Over the past few years, advances in electrical engineering have allowed electronic devices to shrink in both size and cost. It has become possible to incorporate environmental sensors into a single device with a microprocessor and memory to interpret the data and wireless transceivers to communicate the data. These "sensor nodes" have become small and cheap enough that they can be distributed in very large numbers into the area to be monitored and can be considered disposable. Once deployed, these sensor nodes should be able to self-organize themselves into a usable network. These "wireless sensor networks," or WSNs, differ from other ad hoc networks mainly in the way that they are used. For example, in ad hoc networks of personal computers, messages are addressed from one PC to another. If a message cannot be routed, the network has failed. In WSNs, data about the environment is requested by the "data sink." If any or multiple sensor nodes can return an informative response to this request, the network has succeeded. A network that is viewed in terms of the data it can deliver as opposed to the individual devices that make it up has been termed a "data-centric" network . The individual sensor nodes may fail to respond to a query, or even die, as long as the final result is valid. The network is only considered useless when no usable data can be delivered.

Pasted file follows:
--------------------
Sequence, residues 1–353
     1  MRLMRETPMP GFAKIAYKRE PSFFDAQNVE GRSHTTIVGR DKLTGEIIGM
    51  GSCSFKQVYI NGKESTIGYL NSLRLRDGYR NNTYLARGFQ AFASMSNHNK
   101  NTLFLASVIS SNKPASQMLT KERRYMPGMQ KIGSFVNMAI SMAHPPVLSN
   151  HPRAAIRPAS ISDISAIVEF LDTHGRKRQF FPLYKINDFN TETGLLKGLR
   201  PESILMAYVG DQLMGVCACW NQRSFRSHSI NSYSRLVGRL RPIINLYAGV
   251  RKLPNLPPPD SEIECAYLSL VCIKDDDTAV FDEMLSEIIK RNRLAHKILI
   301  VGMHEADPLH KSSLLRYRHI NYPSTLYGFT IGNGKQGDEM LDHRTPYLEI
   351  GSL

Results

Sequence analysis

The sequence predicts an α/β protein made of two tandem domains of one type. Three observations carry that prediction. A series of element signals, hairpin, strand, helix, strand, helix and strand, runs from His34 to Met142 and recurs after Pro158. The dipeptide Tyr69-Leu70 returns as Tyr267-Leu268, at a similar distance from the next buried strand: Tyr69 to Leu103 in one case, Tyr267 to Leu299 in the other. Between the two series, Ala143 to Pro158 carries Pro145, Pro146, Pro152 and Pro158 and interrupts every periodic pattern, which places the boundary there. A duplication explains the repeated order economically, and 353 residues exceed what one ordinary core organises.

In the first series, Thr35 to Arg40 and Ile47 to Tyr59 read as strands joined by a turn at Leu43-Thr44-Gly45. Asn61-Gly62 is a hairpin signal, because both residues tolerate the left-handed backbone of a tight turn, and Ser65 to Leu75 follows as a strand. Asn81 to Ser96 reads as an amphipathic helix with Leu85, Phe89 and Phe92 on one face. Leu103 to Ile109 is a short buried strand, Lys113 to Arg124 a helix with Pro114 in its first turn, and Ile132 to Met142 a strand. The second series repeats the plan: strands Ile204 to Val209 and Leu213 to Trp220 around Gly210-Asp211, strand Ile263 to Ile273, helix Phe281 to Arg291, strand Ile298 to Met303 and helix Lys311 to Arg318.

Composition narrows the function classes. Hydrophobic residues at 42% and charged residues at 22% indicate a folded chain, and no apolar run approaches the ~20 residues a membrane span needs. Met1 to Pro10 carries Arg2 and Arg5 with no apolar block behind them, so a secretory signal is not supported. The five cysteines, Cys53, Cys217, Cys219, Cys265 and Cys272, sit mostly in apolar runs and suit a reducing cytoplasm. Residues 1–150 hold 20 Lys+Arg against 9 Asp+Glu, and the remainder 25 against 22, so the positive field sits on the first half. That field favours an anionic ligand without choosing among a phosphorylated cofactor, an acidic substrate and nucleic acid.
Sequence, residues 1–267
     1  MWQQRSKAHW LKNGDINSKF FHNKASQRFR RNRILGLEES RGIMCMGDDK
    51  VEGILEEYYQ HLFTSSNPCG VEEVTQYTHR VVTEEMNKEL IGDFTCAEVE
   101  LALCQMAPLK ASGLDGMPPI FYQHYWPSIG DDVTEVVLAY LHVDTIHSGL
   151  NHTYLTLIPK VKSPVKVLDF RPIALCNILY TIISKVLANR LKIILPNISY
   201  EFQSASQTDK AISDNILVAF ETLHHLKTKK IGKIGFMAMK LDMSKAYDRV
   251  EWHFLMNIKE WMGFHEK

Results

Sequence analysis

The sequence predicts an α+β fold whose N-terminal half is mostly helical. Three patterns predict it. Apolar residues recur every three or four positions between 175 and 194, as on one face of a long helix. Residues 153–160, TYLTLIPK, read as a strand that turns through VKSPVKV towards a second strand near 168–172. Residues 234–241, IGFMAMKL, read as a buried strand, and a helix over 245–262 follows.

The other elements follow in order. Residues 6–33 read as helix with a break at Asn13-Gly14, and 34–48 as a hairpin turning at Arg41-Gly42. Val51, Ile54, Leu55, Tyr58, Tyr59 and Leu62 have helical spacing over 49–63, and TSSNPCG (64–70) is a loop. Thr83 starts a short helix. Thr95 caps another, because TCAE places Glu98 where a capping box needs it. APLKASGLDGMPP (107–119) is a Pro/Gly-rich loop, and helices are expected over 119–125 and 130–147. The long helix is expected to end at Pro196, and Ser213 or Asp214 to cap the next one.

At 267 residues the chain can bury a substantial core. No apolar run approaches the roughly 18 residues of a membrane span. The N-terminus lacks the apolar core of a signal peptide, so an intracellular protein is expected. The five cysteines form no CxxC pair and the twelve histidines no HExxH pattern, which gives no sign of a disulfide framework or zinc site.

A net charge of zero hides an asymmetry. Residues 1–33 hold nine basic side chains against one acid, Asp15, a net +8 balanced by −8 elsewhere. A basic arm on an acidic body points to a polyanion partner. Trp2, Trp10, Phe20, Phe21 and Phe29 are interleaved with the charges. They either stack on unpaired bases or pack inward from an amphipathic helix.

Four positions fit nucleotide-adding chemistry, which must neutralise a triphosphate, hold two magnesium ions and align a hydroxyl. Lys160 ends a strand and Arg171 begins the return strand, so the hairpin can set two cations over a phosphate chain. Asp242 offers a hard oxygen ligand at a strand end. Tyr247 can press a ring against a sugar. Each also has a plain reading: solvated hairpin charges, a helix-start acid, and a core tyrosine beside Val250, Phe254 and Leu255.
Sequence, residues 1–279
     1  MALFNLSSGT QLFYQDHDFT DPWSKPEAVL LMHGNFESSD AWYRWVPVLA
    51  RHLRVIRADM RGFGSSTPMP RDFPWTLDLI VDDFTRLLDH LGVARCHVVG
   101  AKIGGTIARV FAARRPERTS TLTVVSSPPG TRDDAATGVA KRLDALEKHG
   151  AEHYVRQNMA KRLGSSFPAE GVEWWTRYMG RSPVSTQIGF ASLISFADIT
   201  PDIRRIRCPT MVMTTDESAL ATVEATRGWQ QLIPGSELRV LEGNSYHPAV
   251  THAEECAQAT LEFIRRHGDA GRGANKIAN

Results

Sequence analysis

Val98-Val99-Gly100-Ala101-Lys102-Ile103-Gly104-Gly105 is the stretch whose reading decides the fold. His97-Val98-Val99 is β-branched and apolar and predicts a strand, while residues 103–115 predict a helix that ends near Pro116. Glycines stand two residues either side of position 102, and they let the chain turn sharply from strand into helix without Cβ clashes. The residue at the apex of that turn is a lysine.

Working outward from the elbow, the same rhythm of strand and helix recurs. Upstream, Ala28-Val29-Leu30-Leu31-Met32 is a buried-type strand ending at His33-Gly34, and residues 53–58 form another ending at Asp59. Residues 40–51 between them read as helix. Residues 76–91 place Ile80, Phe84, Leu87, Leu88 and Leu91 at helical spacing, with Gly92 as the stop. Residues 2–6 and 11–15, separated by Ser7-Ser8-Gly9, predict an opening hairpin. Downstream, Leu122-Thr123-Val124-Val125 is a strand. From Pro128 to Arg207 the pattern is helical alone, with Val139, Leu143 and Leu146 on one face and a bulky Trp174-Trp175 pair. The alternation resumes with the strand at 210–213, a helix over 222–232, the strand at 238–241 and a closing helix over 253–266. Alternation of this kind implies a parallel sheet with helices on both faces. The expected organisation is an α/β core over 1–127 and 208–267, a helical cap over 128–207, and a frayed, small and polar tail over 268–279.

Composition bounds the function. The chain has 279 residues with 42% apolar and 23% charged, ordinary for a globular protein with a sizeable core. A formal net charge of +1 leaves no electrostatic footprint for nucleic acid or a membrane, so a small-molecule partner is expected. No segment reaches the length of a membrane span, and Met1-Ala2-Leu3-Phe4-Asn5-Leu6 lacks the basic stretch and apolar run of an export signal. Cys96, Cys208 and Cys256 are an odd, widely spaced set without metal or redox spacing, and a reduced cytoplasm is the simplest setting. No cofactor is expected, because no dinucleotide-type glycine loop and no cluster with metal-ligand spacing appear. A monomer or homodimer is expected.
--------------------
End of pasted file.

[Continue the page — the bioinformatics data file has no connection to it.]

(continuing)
In this thesis, we focus on two aspects. The first is data aggregation with accurate timing control. In order to maintain a certain degree of service quality and a reasonable system lifetime, energy needs to be optimized at every stage of system operation. Because wireless communication consumes a major amount of the limited battery power for these sensor nodes, we propose to limit the amount of data transmitted by combining redundant and complimentary data as much as possible in order to transmit smaller and fewer messages. By using mathematical models and computer simulations, we will show that our aggregation-focused protocol does, indeed, extend system lifetime. Our secondary focus is a study of cross-layer design. We argue that the extremely specialized use of WSNs should convince us not to adhere to the traditional OSI networking model. Through our experiments, we will show that significant energy savings are possible when a custom "cross-layer" communication model is used.
Library of Congress Subject Headings
Wireless communication systems--Mathematical models; Wireless communication sysetms--Computer simulation; Computer networks--Mathematical models; Computer networks--Computer simulation; Electric network topology
Computer Engineering (MS)
Department, Program, or Center
Computer Engineering (KGCOE)
Shanchieh Jay Yang
May, Carter, "Data Aggregation and Cross-layer Design in WSNs" (2005). Thesis. Rochester Institute of Technology. Accessed from
RIT – Main Campus